..... it suits well to have a mad challenge - this week's was to visit the lovely Photograph Prose website and submit a poem to suit an image. I wrote about a photo by our very leader, Mr Peadar, and i hope you will enjoy it - over here

It's a sonnet btw, a fact I'm unreasonably proud of.

Unreasonableness goes with being a 15.5 year old on average.

Other bussers will be found over here in the fullness of time

Here's the poem, though the link seems to be working ok for me now. Can't seem to steal the image from the site, but it's a park bench on the beach beside the waves.

Alone At Last

The sky is cool, soaks fevers from my feet
and I am drawn with surer lines today
My shadow trembles where unclouded sands
with grains can spark or lie like mud, like clay
Low groans and grumbles of machines that pass
They cursed the road then licked up through my fears
and tired tyres splashed pools of broken glass
It all was changed, yet stayed the same for years
The park far off, I’ve left the slides and swings
and carried troubles through the windless air
In pale sunlight I sing out to the spray
and in the waves cold fish watch on, don’t care
For how one bench departs where edges meet
Cool skies look on while fevers grip my feet

Thursday, February 3, 2011

Opinion Poles

Here is my opinion on poles. Most of them are alright. They're like columns but without a roof to hold up, like lazy columns if you will. (not unlike the acres of newsprint currently dedicated to them in our national presses instead of making up a really good story (and speaking of really good stories - I woulda probly got the Henno this year if the Tribune Paper hadn't decided it had to close))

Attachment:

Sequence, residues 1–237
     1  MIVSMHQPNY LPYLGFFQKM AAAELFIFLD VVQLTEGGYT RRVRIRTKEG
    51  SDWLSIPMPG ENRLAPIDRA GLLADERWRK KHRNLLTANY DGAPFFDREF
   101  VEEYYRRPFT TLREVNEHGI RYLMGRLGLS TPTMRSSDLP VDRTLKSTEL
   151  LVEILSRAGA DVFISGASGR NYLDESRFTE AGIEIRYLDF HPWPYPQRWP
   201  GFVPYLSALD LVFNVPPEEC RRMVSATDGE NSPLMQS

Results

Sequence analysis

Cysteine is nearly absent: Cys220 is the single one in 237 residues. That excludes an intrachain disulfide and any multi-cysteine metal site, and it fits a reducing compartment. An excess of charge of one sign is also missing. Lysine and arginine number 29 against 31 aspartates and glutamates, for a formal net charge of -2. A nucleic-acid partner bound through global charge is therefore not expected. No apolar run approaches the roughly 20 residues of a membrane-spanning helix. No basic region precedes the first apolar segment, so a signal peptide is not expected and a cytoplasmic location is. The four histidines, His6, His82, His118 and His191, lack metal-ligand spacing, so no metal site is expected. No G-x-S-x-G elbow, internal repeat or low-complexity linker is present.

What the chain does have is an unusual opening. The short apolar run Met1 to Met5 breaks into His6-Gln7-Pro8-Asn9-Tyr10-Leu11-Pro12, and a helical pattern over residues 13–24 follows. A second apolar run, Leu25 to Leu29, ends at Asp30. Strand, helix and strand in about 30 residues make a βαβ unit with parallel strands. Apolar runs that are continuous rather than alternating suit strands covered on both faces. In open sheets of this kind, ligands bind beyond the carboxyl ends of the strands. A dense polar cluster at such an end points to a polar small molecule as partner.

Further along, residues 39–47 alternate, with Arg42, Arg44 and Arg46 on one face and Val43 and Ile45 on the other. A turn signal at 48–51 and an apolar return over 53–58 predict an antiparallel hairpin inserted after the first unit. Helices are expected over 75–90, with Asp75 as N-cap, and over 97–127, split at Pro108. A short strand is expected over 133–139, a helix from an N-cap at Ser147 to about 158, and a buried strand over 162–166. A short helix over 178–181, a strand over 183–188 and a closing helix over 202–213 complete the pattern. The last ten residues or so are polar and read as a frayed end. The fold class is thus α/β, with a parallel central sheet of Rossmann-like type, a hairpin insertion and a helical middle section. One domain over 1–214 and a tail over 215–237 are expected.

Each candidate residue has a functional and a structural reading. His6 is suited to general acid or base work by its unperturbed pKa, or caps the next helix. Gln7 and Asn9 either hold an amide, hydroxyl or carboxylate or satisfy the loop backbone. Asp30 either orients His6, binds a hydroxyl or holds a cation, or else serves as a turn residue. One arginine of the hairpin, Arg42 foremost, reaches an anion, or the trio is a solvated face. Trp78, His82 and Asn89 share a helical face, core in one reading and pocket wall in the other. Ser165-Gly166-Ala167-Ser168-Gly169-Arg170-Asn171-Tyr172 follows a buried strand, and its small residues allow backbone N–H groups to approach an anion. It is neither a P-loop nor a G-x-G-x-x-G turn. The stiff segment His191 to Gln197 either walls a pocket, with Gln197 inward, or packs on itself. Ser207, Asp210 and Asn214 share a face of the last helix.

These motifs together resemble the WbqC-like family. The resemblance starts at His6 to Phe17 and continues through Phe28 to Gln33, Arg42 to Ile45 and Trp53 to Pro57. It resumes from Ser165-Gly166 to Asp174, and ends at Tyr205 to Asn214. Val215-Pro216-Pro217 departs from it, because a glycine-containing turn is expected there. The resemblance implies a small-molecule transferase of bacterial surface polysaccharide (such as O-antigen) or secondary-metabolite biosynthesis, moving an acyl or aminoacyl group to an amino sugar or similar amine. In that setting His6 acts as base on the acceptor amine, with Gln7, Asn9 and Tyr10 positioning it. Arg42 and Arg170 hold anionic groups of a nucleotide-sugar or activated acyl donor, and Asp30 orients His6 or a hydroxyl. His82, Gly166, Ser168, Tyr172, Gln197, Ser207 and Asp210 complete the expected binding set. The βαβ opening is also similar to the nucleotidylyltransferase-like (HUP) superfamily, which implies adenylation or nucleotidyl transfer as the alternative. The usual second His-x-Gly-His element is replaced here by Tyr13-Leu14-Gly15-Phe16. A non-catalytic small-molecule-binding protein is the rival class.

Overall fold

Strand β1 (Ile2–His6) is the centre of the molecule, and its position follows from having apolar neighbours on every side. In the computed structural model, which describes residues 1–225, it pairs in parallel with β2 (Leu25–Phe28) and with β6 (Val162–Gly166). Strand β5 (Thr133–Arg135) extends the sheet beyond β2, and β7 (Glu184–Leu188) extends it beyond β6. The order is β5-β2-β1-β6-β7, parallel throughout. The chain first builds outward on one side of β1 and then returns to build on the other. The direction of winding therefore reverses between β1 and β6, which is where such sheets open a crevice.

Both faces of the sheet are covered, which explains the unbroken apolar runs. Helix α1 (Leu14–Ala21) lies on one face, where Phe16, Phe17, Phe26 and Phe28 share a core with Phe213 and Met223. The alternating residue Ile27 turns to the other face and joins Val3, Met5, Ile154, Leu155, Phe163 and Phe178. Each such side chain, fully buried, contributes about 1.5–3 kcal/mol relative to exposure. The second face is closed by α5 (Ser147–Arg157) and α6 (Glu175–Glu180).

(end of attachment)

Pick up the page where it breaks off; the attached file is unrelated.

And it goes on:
Back to the poles. One particular pole will be fondly remembered by readers of this blog as the slippiest pole in Dublin - one that was so slippy the "caution, slippery sign had slipped down it - unfortunately I'm no longer in the region of that pole, so can't update you on it's progress, but last I saw of it the area was still too unstable to allow for safe removal of the 2 year old "caution, slippery" sign - read more here. My uppermost opinion on poles though is that they are far sexier in the nude without giant passport photographs/ wanted signs plastered all over them.
Hey, Poster Putter Upper, Leave them Poles Alone!!! (To be sung to the Brick in the Wall song)

Tuesday, February 1, 2011

A Poem which attempts to dissuade you from bringing your Cougar to Harvery Norman

In case anyone hasn't heard of them - here's their ad - the shoutiest shop in the world

A Poem which attempts to dissuade you from bringing your Cougar to Harvery Norman

Don't bring your Cougar to Harvey Norman
You wouldn't get him past the doorman
No chicken tikkan or chicken korman
could convince me this would be a dream
For Cougars cannot bear the shouting
One hiss would have the staff re-routing
You'd soon find yourself bemoaning and doubting
the wisdom of panthers in shops that sound mean
And younger cats would be at risk
with cougars stalking mini disc
players, and he won't like being frisked
this cat that can't roar - only screams
He wouldn't have time to browse any appliance
When his fur is too staticky, all his defiance
would go into his panic, not a feline of science
No Harvey Norman for your Cougar today